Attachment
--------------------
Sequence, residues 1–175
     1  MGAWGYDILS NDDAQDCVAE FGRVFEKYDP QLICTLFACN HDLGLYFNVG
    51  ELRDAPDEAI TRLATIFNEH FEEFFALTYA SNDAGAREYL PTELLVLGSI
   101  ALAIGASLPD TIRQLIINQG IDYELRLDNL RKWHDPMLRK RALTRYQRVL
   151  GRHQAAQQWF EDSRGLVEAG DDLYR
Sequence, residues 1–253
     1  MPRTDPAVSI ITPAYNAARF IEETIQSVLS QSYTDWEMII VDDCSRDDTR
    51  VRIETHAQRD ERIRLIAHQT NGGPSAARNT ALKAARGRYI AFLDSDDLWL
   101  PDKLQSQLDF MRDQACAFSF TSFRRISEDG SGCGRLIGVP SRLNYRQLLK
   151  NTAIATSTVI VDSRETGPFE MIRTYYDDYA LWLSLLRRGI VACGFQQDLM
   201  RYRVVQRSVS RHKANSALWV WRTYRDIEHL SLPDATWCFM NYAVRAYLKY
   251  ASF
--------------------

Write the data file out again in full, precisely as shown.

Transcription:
Sequence, residues 1–175
     1  MGAWGYDILS NDDAQDCVAE FGRVFEKYDP QLICTLFACN HDLGLYFNVG
    51  ELRDAPDEAI TRLATIFNEH FEEFFALTYA SNDAGAREYL PTELLVLGSI
   101  ALAIGASLPD TIRQLIINQG IDYELRLDNL RKWHDPMLRK RALTRYQRVL
   151  GRHQAAQQWF EDSRGLVEAG DDLYR
Sequence, residues 1–253
     1  MPRTDPAVSI ITPAYNAARF IEETIQSVLS QSYTDWEMII VDDCSRDDTR
    51  VRIETHAQRD ERIRLIAHQT NGGPSAARNT ALKAARGRYI AFLDSDDLWL
   101  PDKLQSQLDF MRDQACAFSF TSFRRISEDG SGCGRLIGVP SRLNYRQLLK
   151  NTAIATSTVI VDSRETGPFE MIRTYYDDYA LWLSLLRRGI VACGFQQDLM
   201  RYRVVQRSVS RHKANSALWV WRTYRDIEHL SLPDATWCFM NYAVRAYLKY
   251  ASF